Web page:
Conviction against former employee at RFSL Stockholm


Today, a conviction was handed down, with the penalty of imprisonment for four years, against a former employee at RFSL Stockholm.

RFSL’s  president Deidre Palacios comments:

– The most important thing is that the victims of this abuse now obtain redress. RFSL has a lot of work to do to make sure this does not happen again.


Very serious allegations about abuse, and rape, were made in 2019 and 2020 against a former employee at RFSL Stockholm. When the first allegation came in 2019, RFSL Stockholm started an internal investigation immediately. Former management of RFSL Stockholm assessed that the investigation did not provide enough evidence for taking action against the former employee. RFSL Stockholm later concluded that the internal investigation and the measures taken had been insufficient.

RFSL Stockholm’s former management did not want to act externally or file  a police report against the victim’s will. At the time, the victim was not willing to file a police report because, among other things, they were undocumented. Whether this was a  correct way of handling the situation will be further investigated by RFSL and relevant guidelines will be clarified.

When RFSL Stockholm received more information in 2020 and the victim was ready to move forward with the police report, an external investigation involving specialised experts was started, and the external investigator was tasked with helping the victim file a police report.

The employee was suspended during the external investigation. After the investigation report had been submitted, RFSL Stockholm chose to immediately dismiss the employee in question. All the materials pertaining to the inquiry conducted by RFSL Stockholm were handed over to the police to aid in the criminal investigation.

On March 10 2021 prosecution was commenced. The prosecutor believes that the men were in an especially vulnerable position, which will be the core issue in the trial. The trial started on March 23 and the accused pleads not guilty and claims consent. During the week of the trial  it was revealed  that a new police investigation had started concerning six additional victims.

RFSL and RFSL Stockholm have welcomed the legal process and want the victims of sexual abuse to obtain redress. No perpetrator should be able to use RFSL’s operations to abuse people in a vulnerable position.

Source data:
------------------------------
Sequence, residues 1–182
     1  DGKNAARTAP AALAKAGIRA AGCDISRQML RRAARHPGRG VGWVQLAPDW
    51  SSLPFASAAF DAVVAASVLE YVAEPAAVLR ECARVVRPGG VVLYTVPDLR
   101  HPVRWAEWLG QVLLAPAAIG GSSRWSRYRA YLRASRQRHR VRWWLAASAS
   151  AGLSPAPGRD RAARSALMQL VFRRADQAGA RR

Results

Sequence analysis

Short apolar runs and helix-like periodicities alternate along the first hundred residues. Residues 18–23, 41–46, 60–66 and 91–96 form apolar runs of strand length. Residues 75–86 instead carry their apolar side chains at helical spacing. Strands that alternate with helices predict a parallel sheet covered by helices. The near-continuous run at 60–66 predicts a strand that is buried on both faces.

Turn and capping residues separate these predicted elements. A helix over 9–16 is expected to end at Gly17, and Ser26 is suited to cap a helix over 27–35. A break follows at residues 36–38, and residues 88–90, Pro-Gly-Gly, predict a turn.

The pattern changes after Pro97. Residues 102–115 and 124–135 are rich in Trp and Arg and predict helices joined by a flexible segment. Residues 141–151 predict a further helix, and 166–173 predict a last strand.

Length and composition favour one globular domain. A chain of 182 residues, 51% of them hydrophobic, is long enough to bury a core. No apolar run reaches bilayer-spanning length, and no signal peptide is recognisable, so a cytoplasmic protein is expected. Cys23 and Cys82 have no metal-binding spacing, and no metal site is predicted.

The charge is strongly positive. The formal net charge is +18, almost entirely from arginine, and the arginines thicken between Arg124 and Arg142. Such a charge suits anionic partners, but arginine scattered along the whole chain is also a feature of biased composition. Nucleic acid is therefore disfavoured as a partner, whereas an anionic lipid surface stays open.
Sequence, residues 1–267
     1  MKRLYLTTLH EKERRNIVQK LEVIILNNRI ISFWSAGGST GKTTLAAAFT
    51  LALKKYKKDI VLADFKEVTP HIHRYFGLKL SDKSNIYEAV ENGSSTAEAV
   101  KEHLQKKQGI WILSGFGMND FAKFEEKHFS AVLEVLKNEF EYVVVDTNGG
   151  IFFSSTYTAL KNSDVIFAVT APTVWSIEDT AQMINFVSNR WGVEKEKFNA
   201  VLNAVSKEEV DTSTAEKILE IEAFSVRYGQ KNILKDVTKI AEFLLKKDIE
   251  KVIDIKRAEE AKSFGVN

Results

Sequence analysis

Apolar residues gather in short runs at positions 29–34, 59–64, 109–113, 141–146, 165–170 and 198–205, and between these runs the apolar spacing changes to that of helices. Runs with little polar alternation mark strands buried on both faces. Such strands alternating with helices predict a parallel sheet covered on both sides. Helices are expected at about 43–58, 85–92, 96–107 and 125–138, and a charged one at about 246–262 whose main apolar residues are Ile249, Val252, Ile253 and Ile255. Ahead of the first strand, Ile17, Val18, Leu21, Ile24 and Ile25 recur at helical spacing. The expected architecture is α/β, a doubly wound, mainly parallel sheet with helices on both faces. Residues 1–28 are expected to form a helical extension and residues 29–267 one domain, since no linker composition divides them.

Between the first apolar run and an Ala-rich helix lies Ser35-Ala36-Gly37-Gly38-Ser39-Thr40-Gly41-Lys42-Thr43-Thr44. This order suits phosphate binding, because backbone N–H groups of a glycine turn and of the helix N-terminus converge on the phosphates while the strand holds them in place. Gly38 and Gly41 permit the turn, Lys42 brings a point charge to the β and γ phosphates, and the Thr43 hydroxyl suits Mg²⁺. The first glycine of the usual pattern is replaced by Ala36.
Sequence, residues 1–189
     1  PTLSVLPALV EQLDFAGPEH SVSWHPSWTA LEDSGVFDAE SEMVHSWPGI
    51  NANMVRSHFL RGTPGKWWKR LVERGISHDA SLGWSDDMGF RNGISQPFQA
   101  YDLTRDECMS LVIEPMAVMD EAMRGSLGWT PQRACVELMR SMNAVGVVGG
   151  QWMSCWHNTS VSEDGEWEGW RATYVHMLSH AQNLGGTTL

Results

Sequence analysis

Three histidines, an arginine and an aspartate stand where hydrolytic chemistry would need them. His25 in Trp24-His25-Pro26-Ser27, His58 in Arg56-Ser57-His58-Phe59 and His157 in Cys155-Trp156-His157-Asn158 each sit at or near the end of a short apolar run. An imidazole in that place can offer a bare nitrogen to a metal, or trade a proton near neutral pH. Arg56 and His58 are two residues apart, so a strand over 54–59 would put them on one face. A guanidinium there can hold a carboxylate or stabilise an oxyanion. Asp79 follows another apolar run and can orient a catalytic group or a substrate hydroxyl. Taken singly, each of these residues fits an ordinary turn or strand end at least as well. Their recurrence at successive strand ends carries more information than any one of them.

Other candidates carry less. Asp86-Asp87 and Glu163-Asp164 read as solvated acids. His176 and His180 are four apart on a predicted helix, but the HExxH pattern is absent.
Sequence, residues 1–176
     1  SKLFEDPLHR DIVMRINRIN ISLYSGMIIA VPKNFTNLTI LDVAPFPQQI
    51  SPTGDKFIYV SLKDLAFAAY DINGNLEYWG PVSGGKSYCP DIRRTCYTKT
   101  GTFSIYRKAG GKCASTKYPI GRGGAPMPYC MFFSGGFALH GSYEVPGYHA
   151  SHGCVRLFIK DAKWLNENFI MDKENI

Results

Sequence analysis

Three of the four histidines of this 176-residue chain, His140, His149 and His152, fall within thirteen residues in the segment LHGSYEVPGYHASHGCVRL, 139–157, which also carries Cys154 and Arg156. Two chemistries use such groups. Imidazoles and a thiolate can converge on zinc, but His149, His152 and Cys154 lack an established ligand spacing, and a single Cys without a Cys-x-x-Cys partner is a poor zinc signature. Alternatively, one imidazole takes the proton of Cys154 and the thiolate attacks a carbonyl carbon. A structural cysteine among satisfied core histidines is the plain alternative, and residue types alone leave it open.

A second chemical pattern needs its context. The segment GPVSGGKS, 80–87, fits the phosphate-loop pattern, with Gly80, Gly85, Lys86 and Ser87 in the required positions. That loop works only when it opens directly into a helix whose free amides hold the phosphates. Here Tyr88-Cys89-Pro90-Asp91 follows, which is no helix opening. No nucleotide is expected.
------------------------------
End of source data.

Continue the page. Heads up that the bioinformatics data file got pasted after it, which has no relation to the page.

RFSL and RFSL Stockholm continue  to review routines, guidelines and educational material for their employees, volunteers and trustees. All RFSL’s operations must be safe, continually evolving and quality assured through systematic work. RFSL has important work ahead to strengthen and regain trust and keep developing control, routines, quality assurance and follow-up of operations of the national office and RFSL’s branches.

RFSL and RFSL Stockholm condemn all forms of abuse. RFSL is an organisation built on values, of protecting and supporting LGBTQI people subjected to violence, threats and hate. If someone involuntarily, or because of dependency, takes part in or is subjected to sexual acts this is abuse and an expression of power, not sexuality. Sexual acts that cause a person harm or suffering can never be accepted.

RFSL has an external whistle blower system and an action plan, read more here.

How RFSL is organised

RFSL is a national organisation with 36 independent branches. Each branch forms a separate legal entity, the board of the branch is the employer of its employees and the branch is responsible for conducting its operation according to RFSL’s statutes, values and guidelines. Each branch has an annual meeting in the spring where they elect their board. The branches send representatives to the national office’s congress every other year to elect its board. The board of trustees has the national office at its disposal.

RFSL’s current routines

RFSL has established a whistle blower system and common rules against discrimination, unequal treatment and harassment and regularly works with quality assurance.

RFSL’s whistle blower policy

Code of conduct for trustees

Common rules against discrimination, unequal treatment and harassment